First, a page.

Many Americans choose to purchase their homes on contract. This sort of deal can be a good idea for those who want to be homeowners but lack the funds for a sizeable down payment or cannot qualify for financing through a bank or mortgage company. When you purchase a house on contract, the homeowner retains the title to property while you continue to make agreed-upon monthly payments. The title will not be transferred to your name until you have paid it off in full.
While these deals can provide you with a great way to purchase an affordable property, there are a number of things that can go wrong. By using the following ten tips, you can avoid a lot of potential problems.
When you purchase a house this way, you are, in a sense, a renter until the property is paid off. However, you will not have any of the benefits associated with renting. If an appliance breaks down or if the roof needs to be repaired, you will be responsible for assuming all costs. The property owner has no obligation to provide you with a safe or livable home and you have no recourse for any problems you may find on the property after you sign the purchase contract.
When you purchase a house on contract, there are rarely provisions written into the contract to provide you with any type of refund if you change your mind about the property. If you wish to live elsewhere, you will simply need to walk away from the home and the seller will get to keep any payments you have made as well as the property. This means that if you need to move because of a job or if you simply do not like the property after a couple of years, you will lose everything you put into it, including home repairs, unless you first pay if off in full.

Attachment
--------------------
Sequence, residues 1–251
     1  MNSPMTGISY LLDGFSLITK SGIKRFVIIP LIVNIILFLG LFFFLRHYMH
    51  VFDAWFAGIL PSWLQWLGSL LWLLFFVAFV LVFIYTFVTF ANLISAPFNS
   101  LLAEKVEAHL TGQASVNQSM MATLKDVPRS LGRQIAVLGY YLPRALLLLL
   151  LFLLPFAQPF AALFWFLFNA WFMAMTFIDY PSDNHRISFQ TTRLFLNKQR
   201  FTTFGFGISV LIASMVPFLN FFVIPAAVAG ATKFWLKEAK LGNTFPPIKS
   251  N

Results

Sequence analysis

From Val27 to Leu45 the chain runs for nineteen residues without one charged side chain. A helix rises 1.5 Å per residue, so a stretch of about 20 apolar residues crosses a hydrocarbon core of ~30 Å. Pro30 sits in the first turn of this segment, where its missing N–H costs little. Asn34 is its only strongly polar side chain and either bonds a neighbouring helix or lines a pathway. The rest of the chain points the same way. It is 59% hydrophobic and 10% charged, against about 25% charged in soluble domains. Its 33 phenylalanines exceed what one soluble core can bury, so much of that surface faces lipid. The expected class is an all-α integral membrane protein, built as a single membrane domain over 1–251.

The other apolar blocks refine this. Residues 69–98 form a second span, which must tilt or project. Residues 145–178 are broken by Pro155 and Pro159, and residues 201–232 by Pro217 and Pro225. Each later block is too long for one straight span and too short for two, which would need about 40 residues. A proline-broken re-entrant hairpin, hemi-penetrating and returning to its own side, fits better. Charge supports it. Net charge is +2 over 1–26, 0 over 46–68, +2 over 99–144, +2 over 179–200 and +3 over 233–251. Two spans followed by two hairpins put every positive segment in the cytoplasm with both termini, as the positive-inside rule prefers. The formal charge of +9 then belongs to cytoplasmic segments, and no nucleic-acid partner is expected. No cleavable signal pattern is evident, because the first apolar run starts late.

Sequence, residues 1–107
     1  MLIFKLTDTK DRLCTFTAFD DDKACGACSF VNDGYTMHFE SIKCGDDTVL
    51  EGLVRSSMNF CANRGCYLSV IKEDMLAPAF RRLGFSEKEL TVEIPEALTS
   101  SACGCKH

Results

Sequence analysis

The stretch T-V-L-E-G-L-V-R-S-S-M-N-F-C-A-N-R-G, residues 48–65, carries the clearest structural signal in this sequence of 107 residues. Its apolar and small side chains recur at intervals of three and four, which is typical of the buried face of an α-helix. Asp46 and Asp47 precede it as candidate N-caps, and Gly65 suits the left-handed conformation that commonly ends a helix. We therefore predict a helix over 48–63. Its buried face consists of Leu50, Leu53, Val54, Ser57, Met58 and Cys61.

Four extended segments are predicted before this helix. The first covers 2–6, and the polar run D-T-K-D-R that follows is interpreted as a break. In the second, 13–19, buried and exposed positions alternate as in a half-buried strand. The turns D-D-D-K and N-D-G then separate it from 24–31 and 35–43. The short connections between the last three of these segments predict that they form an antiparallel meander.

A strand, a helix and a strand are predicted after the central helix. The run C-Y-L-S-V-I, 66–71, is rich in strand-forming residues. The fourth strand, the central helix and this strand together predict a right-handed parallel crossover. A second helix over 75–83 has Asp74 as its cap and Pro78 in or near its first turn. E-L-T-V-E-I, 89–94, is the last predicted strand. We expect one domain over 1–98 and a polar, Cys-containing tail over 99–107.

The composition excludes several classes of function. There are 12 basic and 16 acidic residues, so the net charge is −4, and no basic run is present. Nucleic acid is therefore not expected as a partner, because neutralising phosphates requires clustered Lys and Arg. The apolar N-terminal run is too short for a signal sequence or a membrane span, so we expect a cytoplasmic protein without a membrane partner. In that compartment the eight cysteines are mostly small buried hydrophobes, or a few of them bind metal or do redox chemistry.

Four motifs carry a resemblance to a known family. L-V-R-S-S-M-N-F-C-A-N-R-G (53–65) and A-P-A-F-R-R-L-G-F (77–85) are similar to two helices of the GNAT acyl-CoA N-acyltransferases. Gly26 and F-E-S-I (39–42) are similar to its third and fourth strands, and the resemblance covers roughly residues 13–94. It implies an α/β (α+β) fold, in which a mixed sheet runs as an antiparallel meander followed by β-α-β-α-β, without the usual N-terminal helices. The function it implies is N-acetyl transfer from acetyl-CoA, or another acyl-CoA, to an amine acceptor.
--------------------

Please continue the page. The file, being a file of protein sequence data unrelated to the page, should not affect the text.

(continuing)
In nearly every case of a house sold on contract, the property is sold as-is, and buyers frequently do not bother with paying for a home inspection. You are likely to be walking into a real fixer-upper. If you are personally familiar with the work involved in updating a house, you may have a fairly good idea of what your costs will be; but if you are novice, you may be unpleasantly surprised. There may also be hidden problems about which you are unaware, such as the presence of black mold, termites or wood rot. If you are forced to spend a lot of money making home repairs, you may end up defaulting on your house payments to the seller, in which case you will lose not only the property, but all the money you have sunk into repairs.
Frequently, houses sold on contract are sold by investors who have purchased the property outright at auction. However, if the seller you are contracting with owes money on a mortgage for the property, you are putting yourself at risk. If the seller defaults on payments, the property can be foreclosed on. Even if you have been faithfully making your monthly payments to the seller, your contract can be rendered invalid and you will lose everything you have paid toward the property. You are best off dealing only with sellers who own the property outright.
Until the property is fully paid off, the deed will not be transferred to your name and you will not be considered the homeowner. This can have implications if you wish to take out a home equity loan or qualify for reduced rates on some insurance products. Also, it makes things a bit more complicated for your beneficiaries if you pass away before the property is paid off in full, since it will technically not be yours, despite how much money you may have paid on it.